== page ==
Date of Award

Summer 2017

Document Type


Degree Name

Doctor of Philosophy (PhD)


Health Services Research

Committee Director

Karen Karlowicz

Committee Member

Christianne Fowler

Committee Member

Carol Mansyur


The number of Americans expected to live into their 80’s and 90’s is growing at an increased rate in the United States, and the numbers of those aging adults with multiple chronic conditions also continues to grow. It is estimated that by 2050, there will be 89 million adults over the age of 65 years living in the United States. For a variety of reasons, including policy, personal, and financial reasons, many aging adults are choosing to “age in place” or to remain in the community. With the increase in the numbers of aging adults in the community, the ability to locate quality and affordable informal caregiving options has become an essential need. Aging adults with chronic conditions, especially those with a high disease burden, have significant limitations in their ability to carry out day-to-day activities, have higher psychosocial needs, and have a higher mortality rate. Caregivers for aging family members often experience higher levels of burden and stress.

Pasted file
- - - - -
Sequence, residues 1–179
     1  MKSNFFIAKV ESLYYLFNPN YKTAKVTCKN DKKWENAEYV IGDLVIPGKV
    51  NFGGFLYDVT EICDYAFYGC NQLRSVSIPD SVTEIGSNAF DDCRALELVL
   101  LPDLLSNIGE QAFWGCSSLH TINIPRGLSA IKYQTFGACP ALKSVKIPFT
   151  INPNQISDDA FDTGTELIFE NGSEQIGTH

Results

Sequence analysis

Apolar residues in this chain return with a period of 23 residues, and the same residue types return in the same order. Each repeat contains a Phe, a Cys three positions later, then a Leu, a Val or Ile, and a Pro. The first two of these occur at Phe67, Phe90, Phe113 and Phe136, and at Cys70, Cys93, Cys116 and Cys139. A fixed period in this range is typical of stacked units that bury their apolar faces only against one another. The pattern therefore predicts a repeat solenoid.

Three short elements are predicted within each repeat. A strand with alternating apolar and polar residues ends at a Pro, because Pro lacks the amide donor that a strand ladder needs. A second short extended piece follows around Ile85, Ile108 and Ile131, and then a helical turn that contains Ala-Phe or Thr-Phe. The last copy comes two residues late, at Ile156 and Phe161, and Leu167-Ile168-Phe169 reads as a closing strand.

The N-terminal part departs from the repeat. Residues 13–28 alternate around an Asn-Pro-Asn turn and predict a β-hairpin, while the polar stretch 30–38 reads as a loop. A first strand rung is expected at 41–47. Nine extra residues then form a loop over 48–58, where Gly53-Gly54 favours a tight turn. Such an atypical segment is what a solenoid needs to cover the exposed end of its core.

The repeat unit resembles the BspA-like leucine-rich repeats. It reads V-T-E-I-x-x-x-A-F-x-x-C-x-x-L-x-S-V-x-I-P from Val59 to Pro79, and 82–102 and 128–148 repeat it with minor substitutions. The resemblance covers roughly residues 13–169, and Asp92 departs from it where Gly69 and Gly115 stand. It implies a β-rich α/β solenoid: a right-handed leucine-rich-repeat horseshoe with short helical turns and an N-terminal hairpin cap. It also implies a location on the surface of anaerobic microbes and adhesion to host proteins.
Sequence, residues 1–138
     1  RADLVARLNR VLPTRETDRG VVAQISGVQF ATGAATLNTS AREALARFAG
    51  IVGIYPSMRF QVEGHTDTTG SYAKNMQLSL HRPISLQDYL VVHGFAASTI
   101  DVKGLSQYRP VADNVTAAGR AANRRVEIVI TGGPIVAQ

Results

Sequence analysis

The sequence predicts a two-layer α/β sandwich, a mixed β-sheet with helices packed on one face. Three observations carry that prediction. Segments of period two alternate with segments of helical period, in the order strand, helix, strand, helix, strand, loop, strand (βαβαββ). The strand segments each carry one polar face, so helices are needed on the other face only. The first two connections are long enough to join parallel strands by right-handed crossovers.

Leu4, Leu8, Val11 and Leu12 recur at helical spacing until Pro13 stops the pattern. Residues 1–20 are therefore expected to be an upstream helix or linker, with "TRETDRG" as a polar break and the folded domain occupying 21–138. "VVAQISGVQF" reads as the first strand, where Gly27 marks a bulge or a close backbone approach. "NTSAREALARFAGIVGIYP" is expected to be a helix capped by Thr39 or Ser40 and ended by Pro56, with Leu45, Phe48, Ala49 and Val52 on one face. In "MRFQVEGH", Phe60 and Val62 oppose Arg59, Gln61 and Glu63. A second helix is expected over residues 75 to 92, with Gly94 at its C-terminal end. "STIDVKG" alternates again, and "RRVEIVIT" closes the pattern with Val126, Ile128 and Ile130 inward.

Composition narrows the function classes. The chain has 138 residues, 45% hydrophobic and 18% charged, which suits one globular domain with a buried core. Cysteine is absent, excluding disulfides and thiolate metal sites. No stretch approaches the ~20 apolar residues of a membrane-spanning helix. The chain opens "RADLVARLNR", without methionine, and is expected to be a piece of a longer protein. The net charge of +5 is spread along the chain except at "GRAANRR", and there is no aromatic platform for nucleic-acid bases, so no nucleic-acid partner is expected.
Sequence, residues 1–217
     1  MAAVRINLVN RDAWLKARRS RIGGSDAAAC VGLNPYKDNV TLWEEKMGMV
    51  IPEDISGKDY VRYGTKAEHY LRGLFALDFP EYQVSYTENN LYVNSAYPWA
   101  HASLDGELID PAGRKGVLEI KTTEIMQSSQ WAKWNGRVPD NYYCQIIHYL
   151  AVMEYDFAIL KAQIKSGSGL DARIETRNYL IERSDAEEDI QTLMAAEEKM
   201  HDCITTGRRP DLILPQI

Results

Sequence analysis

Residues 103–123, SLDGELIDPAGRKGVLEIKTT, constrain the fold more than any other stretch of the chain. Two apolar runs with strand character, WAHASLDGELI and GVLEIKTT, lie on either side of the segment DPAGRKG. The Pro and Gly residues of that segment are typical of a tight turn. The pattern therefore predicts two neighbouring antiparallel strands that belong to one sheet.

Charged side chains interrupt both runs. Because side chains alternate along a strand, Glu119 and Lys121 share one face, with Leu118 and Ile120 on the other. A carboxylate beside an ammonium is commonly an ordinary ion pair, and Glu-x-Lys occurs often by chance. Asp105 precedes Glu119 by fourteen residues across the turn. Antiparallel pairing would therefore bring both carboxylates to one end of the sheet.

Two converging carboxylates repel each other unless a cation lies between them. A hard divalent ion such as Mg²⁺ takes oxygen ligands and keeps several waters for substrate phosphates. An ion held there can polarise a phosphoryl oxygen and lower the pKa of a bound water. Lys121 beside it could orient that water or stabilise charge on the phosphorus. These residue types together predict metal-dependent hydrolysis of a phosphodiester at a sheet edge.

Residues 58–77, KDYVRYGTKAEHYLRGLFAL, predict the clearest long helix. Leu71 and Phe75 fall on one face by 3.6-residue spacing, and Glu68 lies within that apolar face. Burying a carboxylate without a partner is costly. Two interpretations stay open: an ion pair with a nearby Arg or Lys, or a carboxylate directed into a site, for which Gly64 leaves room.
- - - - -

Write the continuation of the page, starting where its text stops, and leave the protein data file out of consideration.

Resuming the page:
The purpose of this dissertation was to examine health related, community-based service use by informal caregivers caring for aging adults who identify as having an unmet need. Unmet needs in this study included the physical, mental, and/or tangible needs of the informal caregiver. Using a non-experimental, descriptive study design; predisposing, enabling, and need factors that traditionally influence health care service utilization by informal caregivers for aging adults in Virginia was studied. Results showed that demographic factors of the informal caregiver, willingness of the aging adult to access services, and stress and burden influenced community based, health service use. Findings further showcased a need to explore family dyads and a need for more comprehensive survey research among the informal caregiving population. Overall, this study highlighted the complexities of service utilization among informal caregivers and that use of services is influenced by a variety of complex factors.